The economic repercussions of extreme heat will increase over time

The economic impact of the brutal heat wave sweeping through southern Europe, the United States and much of the Northern Hemisphere may be short-lived in most regions, with temporary closures of tourist sites, abandonment of outdoor dining, and increased electricity. Air conditioning use.

But in the long term, the economic fallout from climate change is likely to be profound.

Destructive fires, floods and droughts tend to dominate the headlines. Other malicious effects might generate less interest but nonetheless have a negative impact. Researchers have found that extreme temperatures reduce labor productivity, damage crops, raise mortality rates, disrupt global trade and discourage investment.

that analysis Researchers associated with the Center for Economic Policy Research found that Europe, France, Italy, Spain, Romania and Germany have been hardest hit by climate-related disasters over the past 20 years. However, the countries of Central and Eastern Europe are increasingly experiencing climate problems.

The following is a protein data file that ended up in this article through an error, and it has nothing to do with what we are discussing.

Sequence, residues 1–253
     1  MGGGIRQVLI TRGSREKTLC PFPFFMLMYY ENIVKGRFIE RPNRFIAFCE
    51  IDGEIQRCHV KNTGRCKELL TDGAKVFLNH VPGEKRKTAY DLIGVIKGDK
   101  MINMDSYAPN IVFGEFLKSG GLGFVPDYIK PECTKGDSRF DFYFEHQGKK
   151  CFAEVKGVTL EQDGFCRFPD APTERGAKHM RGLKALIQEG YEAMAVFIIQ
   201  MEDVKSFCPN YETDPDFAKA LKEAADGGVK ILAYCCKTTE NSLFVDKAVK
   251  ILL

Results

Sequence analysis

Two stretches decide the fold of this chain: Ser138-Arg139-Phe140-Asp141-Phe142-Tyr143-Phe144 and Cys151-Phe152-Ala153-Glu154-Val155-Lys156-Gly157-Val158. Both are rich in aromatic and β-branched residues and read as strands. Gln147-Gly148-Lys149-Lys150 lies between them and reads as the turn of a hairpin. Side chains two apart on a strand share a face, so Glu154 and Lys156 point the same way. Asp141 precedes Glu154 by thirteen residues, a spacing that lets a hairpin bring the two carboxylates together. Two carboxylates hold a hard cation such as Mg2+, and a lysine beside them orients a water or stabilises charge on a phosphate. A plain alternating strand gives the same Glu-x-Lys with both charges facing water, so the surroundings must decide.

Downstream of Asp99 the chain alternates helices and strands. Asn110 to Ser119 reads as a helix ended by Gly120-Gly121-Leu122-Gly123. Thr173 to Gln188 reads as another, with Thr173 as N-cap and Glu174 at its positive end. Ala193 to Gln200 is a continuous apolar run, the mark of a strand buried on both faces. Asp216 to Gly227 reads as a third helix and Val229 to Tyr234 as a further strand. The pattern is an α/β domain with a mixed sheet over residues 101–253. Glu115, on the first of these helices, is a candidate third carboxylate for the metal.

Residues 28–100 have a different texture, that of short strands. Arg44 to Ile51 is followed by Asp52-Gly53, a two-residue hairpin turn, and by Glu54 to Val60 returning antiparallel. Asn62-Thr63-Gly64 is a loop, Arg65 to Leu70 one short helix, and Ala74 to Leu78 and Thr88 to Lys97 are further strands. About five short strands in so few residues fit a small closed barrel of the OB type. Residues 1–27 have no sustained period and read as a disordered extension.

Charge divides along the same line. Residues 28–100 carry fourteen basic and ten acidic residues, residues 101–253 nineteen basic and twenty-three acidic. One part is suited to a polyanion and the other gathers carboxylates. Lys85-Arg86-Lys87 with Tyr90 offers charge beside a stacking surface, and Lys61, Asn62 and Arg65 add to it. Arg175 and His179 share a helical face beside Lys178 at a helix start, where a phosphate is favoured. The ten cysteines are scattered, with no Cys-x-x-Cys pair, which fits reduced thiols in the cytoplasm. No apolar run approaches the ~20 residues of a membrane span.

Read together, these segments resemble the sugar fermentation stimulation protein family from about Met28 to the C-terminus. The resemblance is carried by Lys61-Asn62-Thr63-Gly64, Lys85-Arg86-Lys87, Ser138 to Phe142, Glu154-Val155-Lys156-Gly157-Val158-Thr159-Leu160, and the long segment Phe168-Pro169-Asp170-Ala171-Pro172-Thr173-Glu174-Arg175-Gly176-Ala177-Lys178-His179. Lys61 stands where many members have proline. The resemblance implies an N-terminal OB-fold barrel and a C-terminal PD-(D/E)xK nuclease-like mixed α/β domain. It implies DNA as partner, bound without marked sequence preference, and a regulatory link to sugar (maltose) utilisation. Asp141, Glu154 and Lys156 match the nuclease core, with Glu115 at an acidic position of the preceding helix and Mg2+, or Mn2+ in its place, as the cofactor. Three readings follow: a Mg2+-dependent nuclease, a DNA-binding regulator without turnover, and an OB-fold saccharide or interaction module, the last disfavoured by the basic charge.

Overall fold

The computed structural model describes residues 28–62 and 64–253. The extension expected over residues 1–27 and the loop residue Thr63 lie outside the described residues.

Such developments have put additional pressure on public spending, as governments are required to replace damaged infrastructure and provide subsidies and relief. The analysis suggests that tax revenues can also shrink when weather changes disrupt economic activity.

Economic losses related to climate change are expected to increase significantly in the future, according to estimates by the European Union, although it indicated that there are no mechanism In most member states to collect and evaluate economic costs.

Analysts at Barclays estimated The cost of each climate-related disaster has increased by approximately 77% over the past half century.

Globally, the losses will widen. One Stady A publication last year that sought to measure the impact of human-caused heat waves on global economic growth concluded that the cumulative loss between 1992 and 2013 amounted to between $5 trillion and $29.3 trillion globally.

Poor countries in hot climates have suffered the most. “Low income makes tropical economies less able to adapt to increases in temperature extremes,” the study said.